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Re: period eating utensils

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  • Olan Mikkelsen
    ... spoons ... The Szlachta, or nobility, in Poland carried these in their boots during the Hussar era (xvi-xviii centuries). Some of the cases contained
    Message 1 of 18 , Dec 4, 2000
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      --- In sig@egroups.com, Jenne Heise <jenne@m...> wrote:
      > > Spoons and knives. Wood, bone, the usual materials. No forks.
      > > Predslava.
      >
      > I've seen several very late period examples of silver, round-bowled
      spoons
      > carried in ornate leather or embroidered cases...

      The Szlachta, or nobility, in Poland carried these in their boots
      during the Hussar era (xvi-xviii centuries). Some of the cases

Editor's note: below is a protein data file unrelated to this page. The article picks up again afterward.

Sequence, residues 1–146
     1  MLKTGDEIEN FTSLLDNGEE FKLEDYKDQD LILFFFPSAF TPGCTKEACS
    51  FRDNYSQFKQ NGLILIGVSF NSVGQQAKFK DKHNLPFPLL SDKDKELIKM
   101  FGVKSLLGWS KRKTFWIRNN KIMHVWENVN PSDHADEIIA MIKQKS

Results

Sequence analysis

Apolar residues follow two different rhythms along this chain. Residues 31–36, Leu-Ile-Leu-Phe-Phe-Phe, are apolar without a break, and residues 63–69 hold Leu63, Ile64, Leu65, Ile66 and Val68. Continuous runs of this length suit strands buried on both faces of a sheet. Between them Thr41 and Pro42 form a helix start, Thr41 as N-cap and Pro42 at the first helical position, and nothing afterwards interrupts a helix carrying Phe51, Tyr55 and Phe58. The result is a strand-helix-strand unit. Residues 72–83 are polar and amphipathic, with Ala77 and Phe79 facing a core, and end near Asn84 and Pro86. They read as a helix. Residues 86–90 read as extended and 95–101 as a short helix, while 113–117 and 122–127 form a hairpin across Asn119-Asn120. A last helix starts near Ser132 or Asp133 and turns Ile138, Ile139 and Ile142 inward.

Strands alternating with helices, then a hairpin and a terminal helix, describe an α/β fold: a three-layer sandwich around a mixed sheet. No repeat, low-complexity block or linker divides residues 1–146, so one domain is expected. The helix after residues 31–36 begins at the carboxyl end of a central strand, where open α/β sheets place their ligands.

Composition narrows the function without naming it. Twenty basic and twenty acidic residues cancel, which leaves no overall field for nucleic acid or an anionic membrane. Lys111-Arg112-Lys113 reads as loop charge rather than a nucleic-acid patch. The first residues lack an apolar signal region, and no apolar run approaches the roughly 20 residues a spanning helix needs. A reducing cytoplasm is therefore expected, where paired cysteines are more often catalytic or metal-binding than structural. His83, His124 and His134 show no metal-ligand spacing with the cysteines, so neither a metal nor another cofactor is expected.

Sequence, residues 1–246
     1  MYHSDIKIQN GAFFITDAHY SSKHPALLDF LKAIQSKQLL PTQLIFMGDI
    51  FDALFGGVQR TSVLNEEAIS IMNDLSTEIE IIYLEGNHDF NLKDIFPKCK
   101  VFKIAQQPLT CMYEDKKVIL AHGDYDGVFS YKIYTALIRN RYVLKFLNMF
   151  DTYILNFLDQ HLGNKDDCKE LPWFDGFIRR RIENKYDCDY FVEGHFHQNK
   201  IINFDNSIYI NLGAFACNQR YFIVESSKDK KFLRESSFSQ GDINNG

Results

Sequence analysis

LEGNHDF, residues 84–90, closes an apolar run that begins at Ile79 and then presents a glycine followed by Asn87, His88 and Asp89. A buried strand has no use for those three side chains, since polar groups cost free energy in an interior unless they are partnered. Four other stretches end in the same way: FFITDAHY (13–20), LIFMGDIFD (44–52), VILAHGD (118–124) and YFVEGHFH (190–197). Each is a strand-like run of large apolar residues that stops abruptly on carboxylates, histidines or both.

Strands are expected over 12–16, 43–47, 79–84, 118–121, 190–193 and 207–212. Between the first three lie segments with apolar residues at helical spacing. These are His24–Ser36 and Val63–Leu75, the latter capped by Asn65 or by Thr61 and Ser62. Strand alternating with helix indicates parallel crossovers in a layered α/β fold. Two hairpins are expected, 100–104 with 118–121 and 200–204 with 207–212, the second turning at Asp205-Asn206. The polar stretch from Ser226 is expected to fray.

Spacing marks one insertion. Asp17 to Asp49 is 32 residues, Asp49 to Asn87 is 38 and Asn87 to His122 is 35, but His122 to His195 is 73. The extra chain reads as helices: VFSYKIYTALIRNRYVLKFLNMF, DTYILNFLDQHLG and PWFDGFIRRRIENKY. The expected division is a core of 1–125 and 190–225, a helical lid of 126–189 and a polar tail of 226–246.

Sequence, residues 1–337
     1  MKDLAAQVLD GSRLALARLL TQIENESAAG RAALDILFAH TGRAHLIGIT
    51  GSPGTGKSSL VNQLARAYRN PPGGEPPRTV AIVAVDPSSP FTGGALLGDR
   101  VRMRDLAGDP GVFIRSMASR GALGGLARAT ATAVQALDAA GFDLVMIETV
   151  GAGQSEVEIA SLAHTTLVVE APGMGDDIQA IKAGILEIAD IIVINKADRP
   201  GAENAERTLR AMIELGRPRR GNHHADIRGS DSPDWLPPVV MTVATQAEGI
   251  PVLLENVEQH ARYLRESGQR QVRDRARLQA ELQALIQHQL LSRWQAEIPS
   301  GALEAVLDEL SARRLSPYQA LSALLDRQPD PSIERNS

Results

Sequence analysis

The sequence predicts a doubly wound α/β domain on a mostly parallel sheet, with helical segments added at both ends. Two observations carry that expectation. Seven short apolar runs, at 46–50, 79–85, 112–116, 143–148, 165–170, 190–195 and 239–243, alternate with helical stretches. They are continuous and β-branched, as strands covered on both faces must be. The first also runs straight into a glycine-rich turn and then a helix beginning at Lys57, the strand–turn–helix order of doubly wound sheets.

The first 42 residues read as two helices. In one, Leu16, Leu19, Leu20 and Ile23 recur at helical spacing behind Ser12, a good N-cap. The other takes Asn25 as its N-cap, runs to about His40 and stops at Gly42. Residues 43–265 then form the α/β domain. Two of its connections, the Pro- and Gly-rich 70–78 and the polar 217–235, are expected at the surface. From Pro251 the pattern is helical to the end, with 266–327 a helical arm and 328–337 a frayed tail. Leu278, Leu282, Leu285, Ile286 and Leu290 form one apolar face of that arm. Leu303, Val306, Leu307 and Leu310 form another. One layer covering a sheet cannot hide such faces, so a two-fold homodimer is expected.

contained knives and forks, too.
      I purchased a silver spoon in Germany and have made a case for it.
      The spoon has a rose motif on the handle that is supposedly from the
      time of the reign of Charlemagne.

      Landolf
    • Olan Mikkelsen
      ... period? ... I ... I have a picture of one in the catalog from the exhibit The Land of the Winged Horsemen . I can scan it and send it to you, if
      Message 2 of 18 , Dec 4, 2000
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        <snip>
        > Where have you seen these spoon cases? How late is "very late
        period?"
        > And what did the designs on them look like? What's more, where can
        I
        > find pictures of them?

        I have a picture of one in the catalog from the exhibit "The Land of
        the Winged Horsemen". I can scan it and send it to you, if you like.

        Landolf
      • Kate Jones
        ... Erm, uhh. I m remembering spoons but not spoon cases...I ll have to look. Kat ryna -- Kate Jones | I turned my world
        Message 3 of 18 , Dec 4, 2000
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          Jenne Heise sez:
          >
          > > Where have you seen these spoon cases? How late is "very late period?"
          > > And what did the designs on them look like? What's more, where can I
          > > find pictures of them?